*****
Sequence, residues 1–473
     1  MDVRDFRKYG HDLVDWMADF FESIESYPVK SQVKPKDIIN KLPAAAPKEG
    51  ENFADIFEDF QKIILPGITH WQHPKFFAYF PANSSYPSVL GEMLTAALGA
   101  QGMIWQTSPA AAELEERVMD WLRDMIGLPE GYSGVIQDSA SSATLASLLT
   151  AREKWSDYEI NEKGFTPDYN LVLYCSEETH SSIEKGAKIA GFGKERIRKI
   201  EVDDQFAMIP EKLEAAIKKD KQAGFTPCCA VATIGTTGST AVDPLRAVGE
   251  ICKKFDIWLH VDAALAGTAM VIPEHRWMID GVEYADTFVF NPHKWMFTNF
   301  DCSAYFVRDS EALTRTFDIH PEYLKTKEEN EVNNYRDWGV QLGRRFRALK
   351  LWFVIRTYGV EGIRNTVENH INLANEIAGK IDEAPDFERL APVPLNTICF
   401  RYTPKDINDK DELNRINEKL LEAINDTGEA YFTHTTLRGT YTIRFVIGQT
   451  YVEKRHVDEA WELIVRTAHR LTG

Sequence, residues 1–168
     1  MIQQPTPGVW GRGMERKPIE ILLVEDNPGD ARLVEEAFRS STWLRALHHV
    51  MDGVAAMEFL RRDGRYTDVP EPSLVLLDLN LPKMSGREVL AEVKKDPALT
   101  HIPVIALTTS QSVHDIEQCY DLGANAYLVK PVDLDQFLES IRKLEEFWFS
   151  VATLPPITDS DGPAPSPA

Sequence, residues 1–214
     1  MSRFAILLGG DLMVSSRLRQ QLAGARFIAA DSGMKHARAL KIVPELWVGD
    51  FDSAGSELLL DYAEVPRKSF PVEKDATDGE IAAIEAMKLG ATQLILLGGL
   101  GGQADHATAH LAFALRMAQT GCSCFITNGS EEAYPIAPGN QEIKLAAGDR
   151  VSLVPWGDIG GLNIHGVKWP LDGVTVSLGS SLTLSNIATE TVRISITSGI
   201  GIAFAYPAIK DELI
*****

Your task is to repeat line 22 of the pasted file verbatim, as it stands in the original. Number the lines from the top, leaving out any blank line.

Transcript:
   201  GIAFAYPAIK DELI